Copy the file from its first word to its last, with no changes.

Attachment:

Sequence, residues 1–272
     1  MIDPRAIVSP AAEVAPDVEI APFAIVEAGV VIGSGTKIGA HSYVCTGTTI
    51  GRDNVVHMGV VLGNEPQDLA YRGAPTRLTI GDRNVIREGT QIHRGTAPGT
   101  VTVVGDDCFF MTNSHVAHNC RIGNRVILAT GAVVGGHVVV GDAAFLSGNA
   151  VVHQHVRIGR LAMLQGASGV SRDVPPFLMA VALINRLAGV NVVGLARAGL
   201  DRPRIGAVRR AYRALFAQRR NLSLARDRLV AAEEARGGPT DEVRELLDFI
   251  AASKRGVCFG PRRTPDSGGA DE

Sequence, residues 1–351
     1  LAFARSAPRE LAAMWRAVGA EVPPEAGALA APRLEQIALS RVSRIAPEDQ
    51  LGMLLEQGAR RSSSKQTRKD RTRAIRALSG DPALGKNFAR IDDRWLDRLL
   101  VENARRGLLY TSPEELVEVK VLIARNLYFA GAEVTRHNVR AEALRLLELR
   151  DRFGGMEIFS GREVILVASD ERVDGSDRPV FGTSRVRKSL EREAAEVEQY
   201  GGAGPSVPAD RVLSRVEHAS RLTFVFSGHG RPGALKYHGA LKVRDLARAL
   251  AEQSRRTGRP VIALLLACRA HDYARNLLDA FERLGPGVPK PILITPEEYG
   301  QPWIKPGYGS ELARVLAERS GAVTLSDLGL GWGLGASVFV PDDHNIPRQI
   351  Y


Sequence, residues 1–272
     1  MIDPRAIVSP AAEVAPDVEI APFAIVEAGV VIGSGTKIGA HSYVCTGTTI
    51  GRDNVVHMGV VLGNEPQDLA YRGAPTRLTI GDRNVIREGT QIHRGTAPGT
   101  VTVVGDDCFF MTNSHVAHNC RIGNRVILAT GAVVGGHVVV GDAAFLSGNA
   151  VVHQHVRIGR LAMLQGASGV SRDVPPFLMA VALINRLAGV NVVGLARAGL
   201  DRPRIGAVRR AYRALFAQRR NLSLARDRLV AAEEARGGPT DEVRELLDFI
   251  AASKRGVCFG PRRTPDSGGA DE

Sequence, residues 1–351
     1  LAFARSAPRE LAAMWRAVGA EVPPEAGALA APRLEQIALS RVSRIAPEDQ
    51  LGMLLEQGAR RSSSKQTRKD RTRAIRALSG DPALGKNFAR IDDRWLDRLL
   101  VENARRGLLY TSPEELVEVK VLIARNLYFA GAEVTRHNVR AEALRLLELR
   151  DRFGGMEIFS GREVILVASD ERVDGSDRPV FGTSRVRKSL EREAAEVEQY
   201  GGAGPSVPAD RVLSRVEHAS RLTFVFSGHG RPGALKYHGA LKVRDLARAL
   251  AEQSRRTGRP VIALLLACRA HDYARNLLDA FERLGPGVPK PILITPEEYG
   301  QPWIKPGYGS ELARVLAERS GAVTLSDLGL GWGLGASVFV PDDHNIPRQI
   351  Y